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Curr Opin Cell Biol. 2014 Feb;26:96-106. doi: 10.1016/j.ceb.2013.12.001. Epub 2013 Dec 25.

Mapping molecules to structure: unveiling secrets of centriole and cilia assembly with near-atomic resolution.

Author information

1
Instituto Gulbenkian de Ciência, Oeiras, Portugal. Electronic address: sjana@igc.gulbekian.pt.
2
Instituto Gulbenkian de Ciência, Oeiras, Portugal. Electronic address: gmarteil@igc.gulbenkian.pt.
3
Instituto Gulbenkian de Ciência, Oeiras, Portugal. Electronic address: mdias@igc.gulbenkian.pt.

Abstract

Centrioles are microtubule (MT)-based cylinders that form centrosomes and can be modified into basal bodies that template the axoneme, the ciliary MT skeleton. These MT-based structures are present in all branches of the eukaryotic tree of life, where they have important sensing, motility and cellular architecture-organizing functions. Moreover, they are altered in several human conditions and diseases, including sterility, ciliopathies and cancer. Although the ultrastructure of centrioles and derived organelles has been known for over 50 years, the molecular basis of their remarkably conserved properties, such as their 9-fold symmetry, has only now started to be unveiled. Recent advances in imaging, proteomics and crystallography, allowed the building of 3D models of centrioles and derived structures with unprecedented molecular details, leading to a much better understanding of their assembly and function. Here, we cover progress in this field, focusing on the mechanisms of centriole and cilia assembly.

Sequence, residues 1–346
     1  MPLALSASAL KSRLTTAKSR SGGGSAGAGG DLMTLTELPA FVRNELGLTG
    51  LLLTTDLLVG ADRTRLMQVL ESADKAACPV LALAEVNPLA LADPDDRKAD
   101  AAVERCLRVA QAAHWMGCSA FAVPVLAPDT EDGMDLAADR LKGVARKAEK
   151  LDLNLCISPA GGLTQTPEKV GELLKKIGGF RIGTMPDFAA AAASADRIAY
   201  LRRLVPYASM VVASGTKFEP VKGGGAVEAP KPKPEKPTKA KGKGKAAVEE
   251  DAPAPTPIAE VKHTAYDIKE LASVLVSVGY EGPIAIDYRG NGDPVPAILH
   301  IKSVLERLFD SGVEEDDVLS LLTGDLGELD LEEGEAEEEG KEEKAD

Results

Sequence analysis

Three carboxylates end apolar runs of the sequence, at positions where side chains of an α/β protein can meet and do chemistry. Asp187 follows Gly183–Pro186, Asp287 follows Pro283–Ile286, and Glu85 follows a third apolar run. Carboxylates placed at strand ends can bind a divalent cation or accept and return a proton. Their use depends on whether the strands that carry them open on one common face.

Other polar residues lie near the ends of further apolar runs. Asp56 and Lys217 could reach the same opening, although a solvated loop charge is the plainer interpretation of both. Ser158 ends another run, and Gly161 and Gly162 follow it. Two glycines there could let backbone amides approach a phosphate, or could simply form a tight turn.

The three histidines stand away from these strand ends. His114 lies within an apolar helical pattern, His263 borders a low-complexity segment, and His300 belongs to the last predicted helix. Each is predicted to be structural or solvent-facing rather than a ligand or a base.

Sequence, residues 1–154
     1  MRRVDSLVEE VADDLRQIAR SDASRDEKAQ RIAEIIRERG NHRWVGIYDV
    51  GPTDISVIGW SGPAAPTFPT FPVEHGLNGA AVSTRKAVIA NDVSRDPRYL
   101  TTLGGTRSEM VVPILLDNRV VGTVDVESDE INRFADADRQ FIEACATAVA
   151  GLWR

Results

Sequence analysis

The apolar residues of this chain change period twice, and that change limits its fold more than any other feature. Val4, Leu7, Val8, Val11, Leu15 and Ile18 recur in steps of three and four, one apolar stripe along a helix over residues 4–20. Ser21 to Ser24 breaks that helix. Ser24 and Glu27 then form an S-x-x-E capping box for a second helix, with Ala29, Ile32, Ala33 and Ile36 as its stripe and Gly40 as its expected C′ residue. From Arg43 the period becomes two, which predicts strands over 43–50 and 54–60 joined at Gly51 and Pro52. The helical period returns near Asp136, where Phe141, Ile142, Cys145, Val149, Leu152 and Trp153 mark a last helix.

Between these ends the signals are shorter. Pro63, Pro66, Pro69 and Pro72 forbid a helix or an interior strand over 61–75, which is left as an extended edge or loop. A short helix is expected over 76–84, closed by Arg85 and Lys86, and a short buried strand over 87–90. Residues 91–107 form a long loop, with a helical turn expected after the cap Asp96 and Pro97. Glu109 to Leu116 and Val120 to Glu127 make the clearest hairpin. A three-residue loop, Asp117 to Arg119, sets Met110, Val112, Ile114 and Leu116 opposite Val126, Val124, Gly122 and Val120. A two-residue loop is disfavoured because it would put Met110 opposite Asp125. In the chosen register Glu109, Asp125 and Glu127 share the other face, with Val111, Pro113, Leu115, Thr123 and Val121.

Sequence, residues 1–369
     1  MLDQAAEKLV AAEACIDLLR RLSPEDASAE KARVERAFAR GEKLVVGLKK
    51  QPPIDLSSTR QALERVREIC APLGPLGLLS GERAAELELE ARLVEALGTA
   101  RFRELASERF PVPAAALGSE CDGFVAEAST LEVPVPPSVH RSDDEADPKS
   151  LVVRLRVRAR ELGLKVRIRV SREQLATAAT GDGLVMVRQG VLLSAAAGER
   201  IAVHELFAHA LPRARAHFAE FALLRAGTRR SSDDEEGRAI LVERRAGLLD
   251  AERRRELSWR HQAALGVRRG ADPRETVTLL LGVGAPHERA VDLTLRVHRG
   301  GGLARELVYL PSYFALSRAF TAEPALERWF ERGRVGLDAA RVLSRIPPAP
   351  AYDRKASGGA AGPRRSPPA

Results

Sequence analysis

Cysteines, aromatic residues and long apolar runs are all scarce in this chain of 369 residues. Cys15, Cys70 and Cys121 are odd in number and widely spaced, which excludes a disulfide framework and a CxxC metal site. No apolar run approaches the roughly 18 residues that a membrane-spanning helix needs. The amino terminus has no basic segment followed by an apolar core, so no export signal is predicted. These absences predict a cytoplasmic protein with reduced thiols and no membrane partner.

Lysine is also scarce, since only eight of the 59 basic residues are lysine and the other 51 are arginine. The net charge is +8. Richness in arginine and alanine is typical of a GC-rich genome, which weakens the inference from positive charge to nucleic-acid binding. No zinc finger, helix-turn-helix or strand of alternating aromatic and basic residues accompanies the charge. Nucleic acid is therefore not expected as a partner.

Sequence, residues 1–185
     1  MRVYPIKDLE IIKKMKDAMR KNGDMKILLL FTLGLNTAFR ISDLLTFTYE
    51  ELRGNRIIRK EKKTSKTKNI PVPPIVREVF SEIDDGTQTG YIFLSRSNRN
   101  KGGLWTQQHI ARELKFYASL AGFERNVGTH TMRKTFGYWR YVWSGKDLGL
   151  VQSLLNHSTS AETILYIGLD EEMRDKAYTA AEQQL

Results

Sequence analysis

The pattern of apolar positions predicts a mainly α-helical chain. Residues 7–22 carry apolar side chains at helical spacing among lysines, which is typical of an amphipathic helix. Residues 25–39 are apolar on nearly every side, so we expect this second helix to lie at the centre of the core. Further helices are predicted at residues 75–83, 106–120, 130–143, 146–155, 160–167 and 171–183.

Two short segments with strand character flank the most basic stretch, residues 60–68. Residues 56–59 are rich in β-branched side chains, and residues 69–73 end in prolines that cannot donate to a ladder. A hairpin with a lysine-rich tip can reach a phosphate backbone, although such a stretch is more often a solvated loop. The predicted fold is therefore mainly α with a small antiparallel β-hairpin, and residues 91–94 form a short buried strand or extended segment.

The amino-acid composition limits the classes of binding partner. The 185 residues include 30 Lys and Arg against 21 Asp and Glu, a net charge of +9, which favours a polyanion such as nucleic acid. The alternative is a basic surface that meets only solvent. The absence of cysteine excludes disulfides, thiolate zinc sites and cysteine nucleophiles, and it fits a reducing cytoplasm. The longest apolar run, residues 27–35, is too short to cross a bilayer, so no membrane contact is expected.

PMID:
24529251
DOI:
10.1016/j.ceb.2013.12.001
[Indexed for MEDLINE]
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